Social & Economic rights

Monday, 6 August 2018

Draft Law on Free Legal Aid Limits the Right to Access Justice

Civil society organisations are concerned about the provisions contained in the Draft Law on Free Legal Aid, which directly affect the right to effective and equitable access to justice for all persons in need of this type of assistance. 

The Law on Free Legal Aid has been pending for more than 12 years. During this time, lawyers and attorneys-at-law engaged in civil society organisations have provided free legal aid and some even participated in the Working Group that produced the 2015 Draft. The provisions from the current Draft significantly deviate from the provisions proposed by free legal aid providers based on their extensive experience. 

Although the Ministry of Justice, at the time of publishing the latest Draft Law, announced that it had corrected the text amending it in accordance with the remarks submitted, the most important remarks made by the civil society organisations listed below, as decades-long providers of free legal aid, were not accepted.  

This relates primarily to the limited possibilities of legal aid provision by lawyers and attorneys-at-law engaged by CSOs, who have performed this activity, in absence of an adequate law, over the last 20 years. The Draft Law allows CSOs to provide free legal aid only on the basis of the Law on Asylum and the Law on the Prohibition of Discrimination, ignoring other laws, such as the Law on Public Information and Media, which also envisages this activity to be performed by CSOs. 

The Draft Law brings confusion to the existing legal provisions by introducing a very vague provision according to which attorneys-at-law shall provide free legal aid on behalf of the CSOs legally entitled to provide free legal aid. We recall that the Law on Civil Procedure stipulates that the legal representative of a party may be an attorney-at-law, relative or spouse, representative of free legal aid service, lawyer that passed the bar exam representing the legal entity in which he or she is employed, and a representative of a trade union. Moreover, the smallest part of free legal aid services are in-court representations or representations before state authorities, while most of them consist of free legal advice and filing submissions. 

Is Serbia so rich that it can afford to have attorneys-at-law provide all types of free legal aid - ranging from legal advice to representation, and will attorneys-at-law be able to respond to all the needs of free legal aid seekers? Instead of the state sharing the responsibility for free legal aid provision among all interested providers that would help each other in the best interest of the citizens of Serbia, the Ministry of Justice presents the Draft Law that will not be economically viable if adopted.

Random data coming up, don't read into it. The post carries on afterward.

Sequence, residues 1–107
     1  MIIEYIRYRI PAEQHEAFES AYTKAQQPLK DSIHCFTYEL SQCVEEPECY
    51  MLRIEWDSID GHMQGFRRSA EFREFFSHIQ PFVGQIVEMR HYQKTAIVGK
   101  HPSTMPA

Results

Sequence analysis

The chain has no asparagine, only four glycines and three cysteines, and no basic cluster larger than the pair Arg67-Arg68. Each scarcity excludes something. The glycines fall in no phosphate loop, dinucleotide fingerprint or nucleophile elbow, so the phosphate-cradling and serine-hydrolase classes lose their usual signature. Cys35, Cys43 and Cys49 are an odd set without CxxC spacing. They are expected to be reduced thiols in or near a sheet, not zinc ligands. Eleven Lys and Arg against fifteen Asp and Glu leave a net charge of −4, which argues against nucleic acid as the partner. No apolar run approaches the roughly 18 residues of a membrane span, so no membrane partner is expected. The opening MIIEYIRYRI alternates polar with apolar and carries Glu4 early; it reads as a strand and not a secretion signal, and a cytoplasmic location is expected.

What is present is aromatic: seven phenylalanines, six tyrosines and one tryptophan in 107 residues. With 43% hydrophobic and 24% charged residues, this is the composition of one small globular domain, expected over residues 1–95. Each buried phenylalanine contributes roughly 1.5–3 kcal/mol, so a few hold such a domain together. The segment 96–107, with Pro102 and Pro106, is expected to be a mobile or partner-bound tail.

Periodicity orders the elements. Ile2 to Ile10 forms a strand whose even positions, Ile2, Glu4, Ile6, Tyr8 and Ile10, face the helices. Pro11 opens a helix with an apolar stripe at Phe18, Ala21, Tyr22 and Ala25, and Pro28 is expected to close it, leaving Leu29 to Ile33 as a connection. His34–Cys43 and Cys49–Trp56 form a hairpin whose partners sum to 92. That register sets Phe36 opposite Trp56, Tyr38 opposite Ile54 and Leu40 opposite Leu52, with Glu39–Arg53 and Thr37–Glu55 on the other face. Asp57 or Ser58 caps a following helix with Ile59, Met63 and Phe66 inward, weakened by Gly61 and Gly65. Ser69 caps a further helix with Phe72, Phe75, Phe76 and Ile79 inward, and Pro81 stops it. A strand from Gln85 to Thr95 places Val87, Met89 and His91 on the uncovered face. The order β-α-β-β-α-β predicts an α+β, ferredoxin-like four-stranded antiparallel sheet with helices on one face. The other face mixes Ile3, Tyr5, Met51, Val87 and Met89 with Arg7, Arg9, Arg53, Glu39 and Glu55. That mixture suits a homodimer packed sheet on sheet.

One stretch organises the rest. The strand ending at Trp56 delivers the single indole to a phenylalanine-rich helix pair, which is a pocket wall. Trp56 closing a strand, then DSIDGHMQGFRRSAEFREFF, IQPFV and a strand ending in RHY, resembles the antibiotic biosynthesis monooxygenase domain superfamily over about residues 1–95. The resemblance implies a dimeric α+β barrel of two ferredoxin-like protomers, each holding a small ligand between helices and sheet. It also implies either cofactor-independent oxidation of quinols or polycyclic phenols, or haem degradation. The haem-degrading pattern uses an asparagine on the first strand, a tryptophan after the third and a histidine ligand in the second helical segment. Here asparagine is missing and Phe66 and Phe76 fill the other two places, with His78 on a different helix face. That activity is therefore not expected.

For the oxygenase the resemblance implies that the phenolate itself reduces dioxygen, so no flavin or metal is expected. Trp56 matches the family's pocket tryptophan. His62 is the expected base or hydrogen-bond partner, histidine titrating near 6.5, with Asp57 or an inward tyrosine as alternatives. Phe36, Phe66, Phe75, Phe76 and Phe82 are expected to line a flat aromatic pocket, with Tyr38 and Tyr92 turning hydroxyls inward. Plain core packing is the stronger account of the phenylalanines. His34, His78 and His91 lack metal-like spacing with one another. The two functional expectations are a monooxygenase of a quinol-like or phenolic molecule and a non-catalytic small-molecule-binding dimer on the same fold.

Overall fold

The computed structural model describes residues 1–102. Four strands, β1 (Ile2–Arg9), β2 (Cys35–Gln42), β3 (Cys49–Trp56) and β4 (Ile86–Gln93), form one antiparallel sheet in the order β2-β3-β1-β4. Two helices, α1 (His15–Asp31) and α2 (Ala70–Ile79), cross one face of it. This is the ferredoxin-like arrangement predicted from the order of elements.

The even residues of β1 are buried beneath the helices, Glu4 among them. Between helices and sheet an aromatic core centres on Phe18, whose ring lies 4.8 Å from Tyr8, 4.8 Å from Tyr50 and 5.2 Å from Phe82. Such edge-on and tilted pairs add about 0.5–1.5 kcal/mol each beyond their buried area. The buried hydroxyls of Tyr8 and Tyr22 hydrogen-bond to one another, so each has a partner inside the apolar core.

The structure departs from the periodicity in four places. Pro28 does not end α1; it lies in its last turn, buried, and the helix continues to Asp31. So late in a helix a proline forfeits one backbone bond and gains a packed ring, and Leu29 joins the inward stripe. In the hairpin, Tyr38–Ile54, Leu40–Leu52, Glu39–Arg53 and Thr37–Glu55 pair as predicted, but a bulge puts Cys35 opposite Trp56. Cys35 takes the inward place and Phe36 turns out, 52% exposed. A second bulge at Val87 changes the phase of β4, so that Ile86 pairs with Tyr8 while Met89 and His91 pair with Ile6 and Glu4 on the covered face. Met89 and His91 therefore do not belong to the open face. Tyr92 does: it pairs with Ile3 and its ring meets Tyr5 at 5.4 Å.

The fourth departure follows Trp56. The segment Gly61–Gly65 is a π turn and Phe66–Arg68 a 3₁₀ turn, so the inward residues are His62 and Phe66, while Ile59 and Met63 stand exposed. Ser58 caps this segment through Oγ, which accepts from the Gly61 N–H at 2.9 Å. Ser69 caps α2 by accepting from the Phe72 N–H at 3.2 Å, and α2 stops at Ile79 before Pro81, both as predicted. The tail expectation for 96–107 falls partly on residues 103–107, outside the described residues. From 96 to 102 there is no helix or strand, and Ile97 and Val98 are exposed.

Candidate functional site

The Draft Law directly discriminates against lawyers as service providers on the basis of the place of their employment or engagement. It is unclear why a lawyer employed in local self-government is allowed not only to provide free legal aid, but also to issue decisions granting the right to free legal aid, while a lawyer employed with social welfare centre, court, prosecutor’s office or CSO is not allowed to do so? 

This affects primarily the citizens in need of legal assistance because the Draft Law directly links the means test with the right to free legal aid equalising it with the means test for social assistance and the right to child allowance. This means that all individuals who do not fall into this category, or some of the categories specified in the law, shall be denied this type of assistance. 

It is unacceptable that a law whose purpose is to facilitate effective and equitable access to justice for the most vulnerable groups of citizens, in this case the Law on Free Legal Aid, limits this right by derogating the existing legal provisions and recognising the right to free legal aid to a small group of persons, while not allowing the provision of assistance by any CSO lawyers who have been performing this work for years.  

Civil society organisations involved in the protection of human rights do not request state funding for free legal aid activities, but they ask for allowing civil society organisations to continue providing free legal aid to a large group of citizens who need this kind of assistance in order to protect and exercise the rights guaranteed not only by the Constitution but also by numerous international documents, and above all the right to access justice. 


The statement is signed by: 

The Lawyers' Committee For Human Rights – YUCOM 

Civic Initiatives 

Belgrade Centre for Human Rights 

Policy Center 

Helsinki Committee for Human Rights 

Child Rights Center 

International Aid Network - IAN 

CHRIS - Network of the Committees for Human Rights in Serbia consisting of: 

- Committee for Human Rights Negotin 

- Committee for Human Rights Valjevo 

- Committee for Human Rights Bujanovac 

- Civic Forum Novi Pazar 

- Committee for Human Rights Niš 



Citizen's Association FemPlatz 


A 11 - Initiative for Economic and Social Rights 

Sandžak Committee for the Protection of Human Rights and Freedoms 

Association DUGA 


European Policy Centre - CEP 

Independent Journalists' Association of Vojvodina (IJAV) 

Women Support Center - SOS Vojvodina Network 

Western Balkans Institute 

Initiative for Development and Cooperation 


Committee for Human Rights Vranje - SOS Hotline Vranje 

Association of Women Peščanik 

Centre for Human Rights Niš

Committee for Human Rights Leskovac

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